The grounds were swarming with people on Saturday morning, and due to the ruckus the night before, none of us had the stomach for any more rides or roller coasters, so we headed out, unsure if we’d return to the festival again before departing for Paris.

Spoiler alert: we didn’t.  Did we miss out?  Maybe.  But we had so much fun on Friday night that we felt like we’d experienced the festival in all its glory, and we didn’t want to taint those memories with a second, less epic experience.

We spent the rest of Saturday exploring Munich, perusing the Viktualienmarkt for fresh gouda, bread, and fruit,

strolling through the Englischer Gardens, Munich’s version of Central Park,

watching surfers tackle the artificial waves in the river,

and having a beer at the Chinese beer garden.

Followed by a traditional German dinner at Ratskeller, aka “Rat Killer”, which is weirdly in the basement of the giant, gorgeous old churchy building in the center of the Marienplatz.

We got up Sunday morning and headed to Salzburg, home of Mozart and the Sound of Music, but mostly just Mozart.  I’d say 99.9% Mozart and 0.1% Sound of Music.  They really love their Mozart there.

Stay tuned.

Hallo and Bonjour and So On

Confession: I was out of the country over the past 2 weeks.  In the interest of our house not getting looted and our dog not getting kidnapped while we were gone, I neglected to mention my specific plans on the world wide web, but if you know me in the world wide world, you were probably aware of the impending adventures.  Shall we recap?  Okay!

The entire trip was born of the desire to go to Oktoberfest in Munich, without actually dealing with crowds and tourists (even though we ourselves are tourists, I know).  When we discovered Fruhlingsfest, the Spring Festival on the Oktoberfest grounds, we started dreaming about flying to Munich in April with two of our friends.  That was in late 2010.  So this had been a long time coming.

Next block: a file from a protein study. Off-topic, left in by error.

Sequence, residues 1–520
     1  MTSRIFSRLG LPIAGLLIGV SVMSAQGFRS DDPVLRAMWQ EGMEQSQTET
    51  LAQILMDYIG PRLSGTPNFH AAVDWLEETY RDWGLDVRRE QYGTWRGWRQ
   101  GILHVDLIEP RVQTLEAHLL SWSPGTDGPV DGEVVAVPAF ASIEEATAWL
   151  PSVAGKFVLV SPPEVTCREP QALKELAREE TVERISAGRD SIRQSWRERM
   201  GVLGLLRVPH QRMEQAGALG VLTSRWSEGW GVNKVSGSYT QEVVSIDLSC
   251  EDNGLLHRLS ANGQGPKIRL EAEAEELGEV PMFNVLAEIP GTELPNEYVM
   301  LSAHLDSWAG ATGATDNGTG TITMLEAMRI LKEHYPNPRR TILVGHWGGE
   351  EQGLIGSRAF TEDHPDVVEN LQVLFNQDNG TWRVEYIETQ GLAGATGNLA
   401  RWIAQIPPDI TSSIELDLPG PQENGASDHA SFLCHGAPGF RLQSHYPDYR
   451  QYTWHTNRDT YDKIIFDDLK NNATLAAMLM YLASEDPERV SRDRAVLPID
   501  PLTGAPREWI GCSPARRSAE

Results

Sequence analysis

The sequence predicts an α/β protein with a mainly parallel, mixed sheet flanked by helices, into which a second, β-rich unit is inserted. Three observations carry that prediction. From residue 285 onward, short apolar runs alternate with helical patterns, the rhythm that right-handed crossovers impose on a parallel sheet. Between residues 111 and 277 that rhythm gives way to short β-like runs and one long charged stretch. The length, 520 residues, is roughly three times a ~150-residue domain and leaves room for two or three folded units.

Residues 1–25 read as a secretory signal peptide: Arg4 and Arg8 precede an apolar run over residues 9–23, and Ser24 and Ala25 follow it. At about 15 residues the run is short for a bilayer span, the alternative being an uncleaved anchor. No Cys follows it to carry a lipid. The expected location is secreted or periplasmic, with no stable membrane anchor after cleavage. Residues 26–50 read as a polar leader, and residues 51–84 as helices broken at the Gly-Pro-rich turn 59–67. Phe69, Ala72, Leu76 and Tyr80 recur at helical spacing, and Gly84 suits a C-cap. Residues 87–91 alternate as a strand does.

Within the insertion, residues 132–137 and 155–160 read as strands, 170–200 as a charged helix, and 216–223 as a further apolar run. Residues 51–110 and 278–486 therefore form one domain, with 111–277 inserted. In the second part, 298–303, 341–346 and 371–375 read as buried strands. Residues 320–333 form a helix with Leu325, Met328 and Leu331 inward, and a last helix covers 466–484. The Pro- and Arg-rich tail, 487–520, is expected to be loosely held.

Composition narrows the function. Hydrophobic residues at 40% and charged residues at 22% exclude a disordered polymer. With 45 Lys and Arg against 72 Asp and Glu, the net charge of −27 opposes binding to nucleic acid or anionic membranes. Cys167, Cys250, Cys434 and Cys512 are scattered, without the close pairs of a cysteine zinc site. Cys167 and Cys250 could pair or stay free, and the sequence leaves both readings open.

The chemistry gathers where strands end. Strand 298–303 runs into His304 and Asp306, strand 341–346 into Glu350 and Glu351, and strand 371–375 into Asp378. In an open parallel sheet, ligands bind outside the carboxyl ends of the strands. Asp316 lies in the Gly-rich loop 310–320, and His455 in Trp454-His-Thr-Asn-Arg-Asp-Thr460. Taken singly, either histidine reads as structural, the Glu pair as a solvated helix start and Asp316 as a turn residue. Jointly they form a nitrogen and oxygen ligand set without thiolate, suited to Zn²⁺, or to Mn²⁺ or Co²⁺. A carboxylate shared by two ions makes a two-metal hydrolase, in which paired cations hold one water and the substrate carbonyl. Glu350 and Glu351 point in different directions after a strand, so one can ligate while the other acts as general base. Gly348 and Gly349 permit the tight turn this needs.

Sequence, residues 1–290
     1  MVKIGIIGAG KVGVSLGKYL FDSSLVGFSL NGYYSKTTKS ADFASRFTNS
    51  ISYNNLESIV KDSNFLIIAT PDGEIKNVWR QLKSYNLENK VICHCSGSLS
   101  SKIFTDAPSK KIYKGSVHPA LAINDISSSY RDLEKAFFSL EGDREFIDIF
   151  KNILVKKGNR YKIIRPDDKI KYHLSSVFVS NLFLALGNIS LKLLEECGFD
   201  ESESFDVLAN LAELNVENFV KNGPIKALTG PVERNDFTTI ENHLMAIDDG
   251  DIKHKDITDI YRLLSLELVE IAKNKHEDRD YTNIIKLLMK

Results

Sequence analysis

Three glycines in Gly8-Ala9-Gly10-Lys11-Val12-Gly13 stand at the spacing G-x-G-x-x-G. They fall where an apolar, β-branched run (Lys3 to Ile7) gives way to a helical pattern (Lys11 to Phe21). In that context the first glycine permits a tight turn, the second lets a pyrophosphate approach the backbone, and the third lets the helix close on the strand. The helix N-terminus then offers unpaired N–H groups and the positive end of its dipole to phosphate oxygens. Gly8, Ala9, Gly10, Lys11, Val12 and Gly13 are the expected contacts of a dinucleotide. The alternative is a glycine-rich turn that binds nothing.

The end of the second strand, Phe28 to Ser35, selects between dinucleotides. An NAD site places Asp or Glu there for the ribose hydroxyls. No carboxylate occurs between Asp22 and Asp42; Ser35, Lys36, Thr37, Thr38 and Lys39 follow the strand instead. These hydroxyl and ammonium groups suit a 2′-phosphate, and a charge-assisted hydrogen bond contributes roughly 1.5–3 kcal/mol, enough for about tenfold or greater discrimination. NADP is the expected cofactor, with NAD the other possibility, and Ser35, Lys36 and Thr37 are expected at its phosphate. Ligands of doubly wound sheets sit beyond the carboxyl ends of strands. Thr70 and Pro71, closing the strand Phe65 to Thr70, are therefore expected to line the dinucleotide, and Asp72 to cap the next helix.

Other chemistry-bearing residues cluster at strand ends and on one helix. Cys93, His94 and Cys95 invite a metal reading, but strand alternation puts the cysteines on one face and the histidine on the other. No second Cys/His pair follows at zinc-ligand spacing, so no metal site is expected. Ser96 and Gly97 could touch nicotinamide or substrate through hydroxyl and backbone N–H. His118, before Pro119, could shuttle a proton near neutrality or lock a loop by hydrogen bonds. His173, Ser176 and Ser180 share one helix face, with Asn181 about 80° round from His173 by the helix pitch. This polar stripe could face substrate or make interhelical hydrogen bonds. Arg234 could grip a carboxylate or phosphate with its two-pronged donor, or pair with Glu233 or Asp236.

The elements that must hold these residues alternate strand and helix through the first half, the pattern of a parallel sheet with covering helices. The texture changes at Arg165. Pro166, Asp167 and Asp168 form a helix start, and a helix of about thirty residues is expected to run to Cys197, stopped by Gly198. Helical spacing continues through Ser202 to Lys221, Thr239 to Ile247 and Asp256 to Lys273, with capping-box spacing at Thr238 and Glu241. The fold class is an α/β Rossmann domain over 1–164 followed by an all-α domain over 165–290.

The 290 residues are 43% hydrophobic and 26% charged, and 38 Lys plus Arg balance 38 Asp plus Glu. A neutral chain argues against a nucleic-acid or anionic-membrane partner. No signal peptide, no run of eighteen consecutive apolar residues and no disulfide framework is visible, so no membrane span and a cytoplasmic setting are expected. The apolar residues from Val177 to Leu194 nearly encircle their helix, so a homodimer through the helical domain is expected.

My husband is a huge German enthusiast – beer and weiner schnitzel and pretzels – but I’ve always been more partial to the, how do you say, feminine parts of Europe.  I insisted that we also make a stop in Paris if we were flying over the ocean, and everyone obliged.

So the trip had two parts: 4 full days in Munich (with a day trip to Salzburg, Austria), an overnight train to Paris, then 5.5 days in Paris (with a day trip to Brussels, Belgium).  The trip flew by and was packed with sights to see, drinks to drink, and food to consume.  There was also some stalking of the Apple store to check email, some freaking out about the Louvre being a total effing maze, and copious attempts to speak the local languages, which went…okay.

I had a blast and wouldn’t change a thing, except for maybe the size of our hotel room in Munich, which was hella cozy, and the fact that we didn’t buy our train tickets to Brussels in advance, because that shit was expensive.  Other than that, these memories will last a lifetime.

More to come as I go back through pictures and am able to process everything.  I usually get bummed about going back to work at the end of an amazing vacation, but this one takes the cake and I am super depressed to be back in my cubicle 40+ hours per week.  But such is life.

Stay tuned…